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UCLA doctors strive to address community curiosities in medical advice column

Elizabeth Ko and Eve Glazier co-author a column called “Ask the Doctors,” in which they answer patient inquiries that range from COVID-19 to high heels to napping. (Courtesy of Elizabeth Ko)

By Elyssa Smith

Aug. 27, 2020 4:43 p.m.

Two UCLA doctors discuss wide-ranging topics like high-heeled shoes, COVID-19 antibody tests and hoarding disorder in their medical advice column.

Elizabeth Ko and Eve Glazier co-author a column called “Ask the Doctors,” where they have answered inquiries from the community on health topics for nearly four years.

The doctors publish the health column three times a week to 53 media outlets around the country along with some international outlets, said Ko, an assistant clinical professor of medicine for the David Geffen School of Medicine. Glazier is an associate clinical professor at the School of Medicine.

They share this column with another UCLA Health doctor, Robert Ashley, on alternating days.

“There’s a lot of information out there, some of it is trusted, and some of it is not,” Ko said. “When we answer questions, we go directly to the literature, so you’ll see that many of our columns cite journals and articles.”

Their column is driven by questions from readers, which they receive via email, mail and in person at their clinics. They follow the direction of the news, Ko said.

“Whatever is hot, whatever is interesting, whatever is relevant, we write about that,” Ko said. “There’s not a nuance in medicine that we don’t cover.”

Glazier and Ko also write about topics relevant to student life such as naps, stress and nutrition.

Ko said it is important for college students who want to take a good nap to find an appropriate space – one without distractions that focuses on comfort.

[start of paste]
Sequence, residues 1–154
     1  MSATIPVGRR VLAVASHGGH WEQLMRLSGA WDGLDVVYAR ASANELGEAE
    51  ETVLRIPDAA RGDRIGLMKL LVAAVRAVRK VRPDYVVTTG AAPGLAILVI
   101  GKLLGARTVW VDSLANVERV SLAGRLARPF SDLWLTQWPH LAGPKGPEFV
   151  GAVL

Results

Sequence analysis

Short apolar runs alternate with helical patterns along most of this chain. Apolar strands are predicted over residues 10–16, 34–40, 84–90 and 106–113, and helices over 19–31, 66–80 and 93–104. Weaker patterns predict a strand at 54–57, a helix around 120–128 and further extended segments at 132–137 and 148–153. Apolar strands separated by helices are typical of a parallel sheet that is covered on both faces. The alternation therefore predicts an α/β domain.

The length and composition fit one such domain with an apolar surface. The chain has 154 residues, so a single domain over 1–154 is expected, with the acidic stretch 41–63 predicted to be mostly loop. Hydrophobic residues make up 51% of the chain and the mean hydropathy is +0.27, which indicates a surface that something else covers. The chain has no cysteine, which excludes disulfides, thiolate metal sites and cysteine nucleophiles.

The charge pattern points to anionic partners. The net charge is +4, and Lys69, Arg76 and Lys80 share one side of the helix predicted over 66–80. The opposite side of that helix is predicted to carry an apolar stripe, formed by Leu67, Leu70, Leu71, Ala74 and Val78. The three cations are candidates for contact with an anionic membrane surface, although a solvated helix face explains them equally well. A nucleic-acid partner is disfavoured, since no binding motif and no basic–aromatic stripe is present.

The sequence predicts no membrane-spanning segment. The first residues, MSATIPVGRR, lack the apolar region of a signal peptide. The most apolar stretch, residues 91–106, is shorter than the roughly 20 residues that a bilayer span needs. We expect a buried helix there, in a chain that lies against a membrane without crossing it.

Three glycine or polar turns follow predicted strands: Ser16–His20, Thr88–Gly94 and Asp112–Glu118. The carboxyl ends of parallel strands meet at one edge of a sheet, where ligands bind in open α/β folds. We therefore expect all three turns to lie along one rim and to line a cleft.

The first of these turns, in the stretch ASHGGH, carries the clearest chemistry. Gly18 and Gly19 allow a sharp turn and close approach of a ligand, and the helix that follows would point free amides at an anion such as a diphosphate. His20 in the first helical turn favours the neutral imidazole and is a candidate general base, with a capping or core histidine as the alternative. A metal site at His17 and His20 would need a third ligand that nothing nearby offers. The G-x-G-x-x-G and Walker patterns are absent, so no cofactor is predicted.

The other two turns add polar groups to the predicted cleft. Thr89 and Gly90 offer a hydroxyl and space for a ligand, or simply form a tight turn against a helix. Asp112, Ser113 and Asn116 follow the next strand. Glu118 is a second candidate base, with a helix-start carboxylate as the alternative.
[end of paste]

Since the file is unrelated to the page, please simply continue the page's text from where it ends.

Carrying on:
“What we don’t want is someone dozing off with their headphones in a crooked position with their neck on the desk and ending up waking up with neck spasms and other problems,” Ko said.

Anthony Komaroff, a professor at Harvard Medical School, started the column – then called “Ask Doctor K” – in 2011. When Komaroff retired from the column in 2016, the School of Medicine took it over and renamed it “Ask the Doctors.”

Komaroff said he started the column as a way to provide the general public with knowledge about health.

As a doctor of almost 50 years, Komaroff said he knew patients’ spending just 15 minutes with their doctor was not enough.

“Our diet, our exercise, our decisions about the way we enjoy things, all affect our health in ways that are so powerful that sometimes you can preserve your own health better than any doctor’s advice,” Komaroff said. “We can do more to keep ourselves healthy as patients than doctors can do for us.”

Komaroff said he was happy when he heard that UCLA doctors would continue the column.

“I thought it was really important to provide good information people could trust as to how they could protect their own health,” Komaroff said. “I realized how much good health relies on people treating themselves right.”

Ko said the column will continue as long as people want to learn about different health topics.

“There’s not a nuance in medicine that we don’t cover,” Ko said. “Everything we do is remote. Everything we do is on the computer. We have access to all of the information we need.”

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Elyssa Smith
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